Better shape up

Kyoto's compliance force begins operation

 
By Ritu Gupta
Last Updated: Saturday 04 July 2015

on march 2, 2006, the Kyoto Protocol got some teeth with its Compliance Committee beginning operations. The 20-member body comprises two branches: the Enforcement Branch and the Facilitative Branch. The former has the power to determine consequences for parties that do not meet their commitments under the Kyoto Protocol, while the latter will render advice and assistance to promote compliance. Argentina's Ral Estrada Oyuela, elected Chair of the Enforcement Branch, described the Kyoto Protocol compliance system as "groundbreaking" and pointed out that the organ was "designed to ensure credibility to the protocol's provisions, in particular the carbon market created by it". Under the Kyoto Protocol, 35 industrialised countries and the European Economic Community are required to reduce greenhouse gas emissions below levels specified for each of them. Overall, this should amount to reductions of at least 5 per cent below 1990 levels between 2008 and 2012.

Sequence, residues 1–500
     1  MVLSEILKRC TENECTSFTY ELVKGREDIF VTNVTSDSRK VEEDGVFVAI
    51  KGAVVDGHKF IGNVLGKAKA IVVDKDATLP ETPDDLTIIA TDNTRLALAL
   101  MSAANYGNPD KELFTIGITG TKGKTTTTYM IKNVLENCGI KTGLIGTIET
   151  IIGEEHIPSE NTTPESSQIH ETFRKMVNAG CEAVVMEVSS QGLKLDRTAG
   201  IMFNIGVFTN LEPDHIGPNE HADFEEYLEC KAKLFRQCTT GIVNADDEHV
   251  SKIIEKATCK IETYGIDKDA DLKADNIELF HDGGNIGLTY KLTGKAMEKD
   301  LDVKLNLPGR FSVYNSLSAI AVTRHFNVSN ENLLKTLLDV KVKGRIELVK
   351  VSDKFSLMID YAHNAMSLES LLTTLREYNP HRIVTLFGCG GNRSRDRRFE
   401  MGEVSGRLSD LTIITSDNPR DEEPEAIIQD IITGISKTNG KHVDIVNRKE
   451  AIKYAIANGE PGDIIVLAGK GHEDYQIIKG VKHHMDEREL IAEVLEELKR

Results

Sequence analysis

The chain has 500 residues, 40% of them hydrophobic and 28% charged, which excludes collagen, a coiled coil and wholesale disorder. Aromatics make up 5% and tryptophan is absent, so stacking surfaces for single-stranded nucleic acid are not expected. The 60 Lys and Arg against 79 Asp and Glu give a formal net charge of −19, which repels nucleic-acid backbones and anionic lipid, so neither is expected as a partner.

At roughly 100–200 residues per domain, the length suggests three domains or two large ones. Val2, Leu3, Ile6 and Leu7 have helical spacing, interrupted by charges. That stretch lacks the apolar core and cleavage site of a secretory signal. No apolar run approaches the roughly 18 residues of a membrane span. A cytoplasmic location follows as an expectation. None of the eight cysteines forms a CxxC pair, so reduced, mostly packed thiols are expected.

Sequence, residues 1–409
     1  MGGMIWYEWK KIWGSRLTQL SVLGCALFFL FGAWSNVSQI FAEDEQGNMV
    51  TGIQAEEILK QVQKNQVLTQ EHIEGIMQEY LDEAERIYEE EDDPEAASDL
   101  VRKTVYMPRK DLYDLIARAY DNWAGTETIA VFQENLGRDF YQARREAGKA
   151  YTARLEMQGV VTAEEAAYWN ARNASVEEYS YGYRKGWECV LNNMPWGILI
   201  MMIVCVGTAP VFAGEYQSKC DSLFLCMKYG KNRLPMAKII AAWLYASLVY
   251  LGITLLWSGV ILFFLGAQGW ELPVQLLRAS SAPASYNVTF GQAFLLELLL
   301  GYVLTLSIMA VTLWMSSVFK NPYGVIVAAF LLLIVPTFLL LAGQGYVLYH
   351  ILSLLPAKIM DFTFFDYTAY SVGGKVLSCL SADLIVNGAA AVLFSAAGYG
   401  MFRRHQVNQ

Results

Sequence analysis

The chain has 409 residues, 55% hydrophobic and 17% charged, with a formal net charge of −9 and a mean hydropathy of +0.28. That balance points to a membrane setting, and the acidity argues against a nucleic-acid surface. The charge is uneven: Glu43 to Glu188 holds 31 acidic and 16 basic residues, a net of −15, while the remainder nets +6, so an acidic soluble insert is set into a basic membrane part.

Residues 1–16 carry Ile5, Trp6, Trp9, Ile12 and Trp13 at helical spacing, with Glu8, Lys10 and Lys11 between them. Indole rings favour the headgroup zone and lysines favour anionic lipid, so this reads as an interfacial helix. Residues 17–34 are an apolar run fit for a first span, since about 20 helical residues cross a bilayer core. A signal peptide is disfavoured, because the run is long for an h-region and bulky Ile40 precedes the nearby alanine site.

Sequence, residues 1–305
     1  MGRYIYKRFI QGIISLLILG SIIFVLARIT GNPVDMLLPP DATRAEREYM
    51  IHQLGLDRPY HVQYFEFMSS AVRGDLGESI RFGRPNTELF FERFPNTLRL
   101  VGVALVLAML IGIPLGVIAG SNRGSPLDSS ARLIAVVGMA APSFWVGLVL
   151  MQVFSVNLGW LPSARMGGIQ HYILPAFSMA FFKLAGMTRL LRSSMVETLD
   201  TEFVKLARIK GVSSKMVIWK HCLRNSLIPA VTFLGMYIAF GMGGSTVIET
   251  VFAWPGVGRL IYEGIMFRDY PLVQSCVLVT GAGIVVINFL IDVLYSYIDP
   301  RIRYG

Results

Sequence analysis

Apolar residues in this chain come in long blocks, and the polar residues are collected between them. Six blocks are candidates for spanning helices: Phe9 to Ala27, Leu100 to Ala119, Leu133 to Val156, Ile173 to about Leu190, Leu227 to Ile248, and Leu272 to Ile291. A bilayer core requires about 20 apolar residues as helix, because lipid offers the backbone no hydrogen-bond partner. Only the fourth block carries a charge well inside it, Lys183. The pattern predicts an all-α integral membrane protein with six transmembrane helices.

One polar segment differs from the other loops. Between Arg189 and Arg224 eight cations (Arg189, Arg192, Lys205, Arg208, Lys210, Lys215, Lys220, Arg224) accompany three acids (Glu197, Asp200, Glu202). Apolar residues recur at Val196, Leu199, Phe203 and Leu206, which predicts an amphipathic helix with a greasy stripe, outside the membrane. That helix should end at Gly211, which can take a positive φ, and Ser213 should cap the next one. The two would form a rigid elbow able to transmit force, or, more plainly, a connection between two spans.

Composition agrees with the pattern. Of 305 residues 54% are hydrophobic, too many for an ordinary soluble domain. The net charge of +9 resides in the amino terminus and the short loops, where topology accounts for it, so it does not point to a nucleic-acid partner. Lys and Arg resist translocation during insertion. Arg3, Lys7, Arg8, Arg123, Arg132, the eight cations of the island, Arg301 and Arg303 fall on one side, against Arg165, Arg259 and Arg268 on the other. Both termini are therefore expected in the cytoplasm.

The committee will consider individual cases of violations and determine consequences. It will report annually to the meeting of the parties to the protocol. Ross Gelbspan, a us- based climate expert, lauded the establishment of the committee and said, "A climate treaty without compliance and enforcement mechanisms is like gift-wrapping on an empty box." Gelbspan, however, cautioned: "Whether it survives the inevitable attempts to sabotage any kind of enforcement is, given today's political climate, an open question.

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